The day after Owen’s death, before Angus returned to school, Ms. M gathered the children and told them that their beloved classmate Angus had experienced a tremendous loss. This class was a new formation; a blended class of children aged 9 to 12, and not all of them knew Angus even had a brother. Those who knew Owen were invited to share stories and thoughts with the class, so everyone could have a clearer image of Owen and his place in the world.
A candle was lit for Owen and was allowed to burn throughout the day.
Later that week, anticipating Angus’ return to class, Ms. M gathered the children again. She knew that his return might be overwhelming for him, and perhaps for his classmates, so she offered a suggestion: upon Angus’ return, they would offer their condolences all at once. Expressed in unison. So that Angus could receive the support and love of his friends and together they could simply move on with their day.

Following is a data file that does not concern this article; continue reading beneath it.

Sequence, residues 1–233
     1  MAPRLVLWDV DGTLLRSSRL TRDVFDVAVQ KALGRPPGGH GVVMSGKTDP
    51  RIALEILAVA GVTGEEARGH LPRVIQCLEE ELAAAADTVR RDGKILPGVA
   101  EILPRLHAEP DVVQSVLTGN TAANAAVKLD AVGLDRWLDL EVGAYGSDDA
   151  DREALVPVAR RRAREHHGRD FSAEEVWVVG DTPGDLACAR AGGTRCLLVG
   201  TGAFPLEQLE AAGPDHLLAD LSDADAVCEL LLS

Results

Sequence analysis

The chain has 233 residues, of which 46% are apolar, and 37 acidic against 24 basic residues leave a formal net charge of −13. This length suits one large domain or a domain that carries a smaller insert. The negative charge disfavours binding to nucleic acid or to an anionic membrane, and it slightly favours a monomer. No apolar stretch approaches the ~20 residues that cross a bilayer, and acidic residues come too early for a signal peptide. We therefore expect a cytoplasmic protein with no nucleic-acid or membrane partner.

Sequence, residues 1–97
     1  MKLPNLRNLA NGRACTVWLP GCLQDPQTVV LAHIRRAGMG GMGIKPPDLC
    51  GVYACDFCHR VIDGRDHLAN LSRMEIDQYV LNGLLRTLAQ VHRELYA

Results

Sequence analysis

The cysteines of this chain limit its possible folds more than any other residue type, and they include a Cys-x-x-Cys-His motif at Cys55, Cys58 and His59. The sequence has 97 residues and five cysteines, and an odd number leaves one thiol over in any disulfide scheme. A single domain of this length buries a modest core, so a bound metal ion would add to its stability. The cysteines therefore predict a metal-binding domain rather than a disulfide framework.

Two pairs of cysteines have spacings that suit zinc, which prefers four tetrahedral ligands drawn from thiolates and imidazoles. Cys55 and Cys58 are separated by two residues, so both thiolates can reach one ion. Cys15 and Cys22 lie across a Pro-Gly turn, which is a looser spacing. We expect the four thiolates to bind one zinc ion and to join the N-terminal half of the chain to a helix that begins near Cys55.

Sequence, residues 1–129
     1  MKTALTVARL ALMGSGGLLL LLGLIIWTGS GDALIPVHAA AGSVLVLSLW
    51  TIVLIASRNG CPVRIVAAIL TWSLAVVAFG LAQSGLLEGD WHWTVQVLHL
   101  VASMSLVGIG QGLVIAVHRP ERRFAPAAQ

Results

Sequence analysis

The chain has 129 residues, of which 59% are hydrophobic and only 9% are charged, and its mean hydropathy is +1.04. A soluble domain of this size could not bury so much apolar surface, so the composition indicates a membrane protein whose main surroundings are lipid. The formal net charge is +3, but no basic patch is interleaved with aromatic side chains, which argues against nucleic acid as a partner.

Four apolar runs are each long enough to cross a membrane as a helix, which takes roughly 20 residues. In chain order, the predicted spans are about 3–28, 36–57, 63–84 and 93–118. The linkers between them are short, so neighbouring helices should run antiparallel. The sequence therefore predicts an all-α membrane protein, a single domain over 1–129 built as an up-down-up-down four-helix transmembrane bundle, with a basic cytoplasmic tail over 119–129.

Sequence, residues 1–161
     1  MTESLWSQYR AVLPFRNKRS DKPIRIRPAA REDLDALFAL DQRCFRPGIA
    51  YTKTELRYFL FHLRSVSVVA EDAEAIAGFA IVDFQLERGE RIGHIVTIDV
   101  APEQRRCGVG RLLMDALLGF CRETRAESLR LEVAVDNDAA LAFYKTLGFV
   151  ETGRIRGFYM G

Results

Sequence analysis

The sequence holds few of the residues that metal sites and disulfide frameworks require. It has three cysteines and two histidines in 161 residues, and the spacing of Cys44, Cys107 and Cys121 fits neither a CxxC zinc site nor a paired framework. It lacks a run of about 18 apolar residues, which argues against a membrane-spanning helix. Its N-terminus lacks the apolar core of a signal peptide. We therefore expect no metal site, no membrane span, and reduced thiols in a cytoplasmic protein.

Ms. M also knew this was an unusually experienced class; two of the children had lost their mothers in the past year. She invited them to speak about what was helpful and what was not. Surely a deeply supportive experience for those children as well as for Angus.
They then worked diligently on cards for Angus, each child offering words of sympathy and beautiful drawings directly from themselves.
Angus returned to class to a chorus of well-wishes, a group hug and a stack of cards, bound in twine. A candle was lit for Owen, and the class moved on to Main Lesson.
At the funeral, I left out a blank artbook and some coloured pencils on a low table.